Luke 5:17-39: Yeshua heals a paralyzed man lowered through Peter’s roof, calls Levi-Matthew, tells parables of cloths and wineskins

Yeshua had authority to heal paralytics, forgive sins and call tax collectors to His select 12 disciples. The punchline and the context of these stories and the parables Yeshua told are crucial clues to the meaning of Yeshua’s parables and miracles. A common interpretation of the parables of the cloths and wineskins is that Yeshua is teaching that one needs to unlearn the Torah to learn the gospel, but parables of the same time period employing the same symbols have a different point.

Texts: Luke 5:17-39; Matt. 9:9-17; Mark 2:14-22; Hos. 5:13-6:7; Matt. 8:5-12; 1st Kings 8:41-43; Mishna b.Avot “Fathers” 4:20; Talmud b.Nedarim “Vows” 50b

Yeshua noticed several examples of extraordinary faith:

  • The faith of the centurion in Matthew 8
  • The friends who broke into Peter’s house through his roof in Luke 5
  • Matthew’s faith to give up his lucrative tax collecting job and follow Yeshua, which meant a life of poverty and difficulty.

The Pharisees and scribes present at the healing of the paralyzed man in Peter’s house the were oblivious to these acts of faith, because they did not have mercy (khesed, Strong’s lexicon No. 2617) for their fellow Jews. In Luke, the pharisees were more concerned about Yeshua’s “blasphemy” and totally missed the blessing of being the witnesses to a very remarkable healing. They were more concerned about the possibility of Yeshua defiling Himself by entering a Gentile’s home and were more concerned about the propriety of eating a meal with “sinners” than the souls of those sinners who needed a Teacher to lead them out of their current life towards a Torah-filled life.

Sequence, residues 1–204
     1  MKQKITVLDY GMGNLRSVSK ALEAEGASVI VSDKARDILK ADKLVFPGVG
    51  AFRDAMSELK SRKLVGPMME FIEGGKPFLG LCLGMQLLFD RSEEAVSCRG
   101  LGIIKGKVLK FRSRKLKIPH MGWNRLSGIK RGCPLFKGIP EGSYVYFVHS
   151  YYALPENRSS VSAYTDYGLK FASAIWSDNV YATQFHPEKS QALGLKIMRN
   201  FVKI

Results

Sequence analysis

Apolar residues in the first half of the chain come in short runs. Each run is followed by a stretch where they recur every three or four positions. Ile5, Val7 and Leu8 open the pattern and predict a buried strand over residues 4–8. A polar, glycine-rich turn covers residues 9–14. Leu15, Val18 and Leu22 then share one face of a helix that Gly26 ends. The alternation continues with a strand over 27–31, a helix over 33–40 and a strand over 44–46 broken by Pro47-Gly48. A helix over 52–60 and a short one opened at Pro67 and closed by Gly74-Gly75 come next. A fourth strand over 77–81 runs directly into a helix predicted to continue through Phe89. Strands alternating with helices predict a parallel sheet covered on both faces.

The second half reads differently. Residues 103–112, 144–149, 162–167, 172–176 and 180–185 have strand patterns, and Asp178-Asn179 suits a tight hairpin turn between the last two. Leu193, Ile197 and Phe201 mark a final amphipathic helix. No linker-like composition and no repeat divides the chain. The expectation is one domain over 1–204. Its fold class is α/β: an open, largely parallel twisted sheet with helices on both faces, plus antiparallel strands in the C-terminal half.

The parables of wine and wineskins and of a patch on cloth are directly connected to the questions Yeshua was receiving about the company He was keeping, like tax collector Levi-Matthew, and the “unlearned” men He was calling as core disciples. These parables have been often interpreted over the centuries as describing the tension between the “old testament” and “new testament.” What is the “old wine” v. “new wine”? Which is really better? What is better, a used wineskin or new one? A look at rabbinical writings of the same time period that use the same symbols, reveals that the parable is not about a tension between Torah and the Gospel. Rather, the point is being a disciple of Yeshua is easier when becomes like a child — a blank slate, rather than a “full slate” Yeshua has to erase and write over with new teaching.

Speaker: Jeff. Reader: Daniel Agee. Summary: Tammy.


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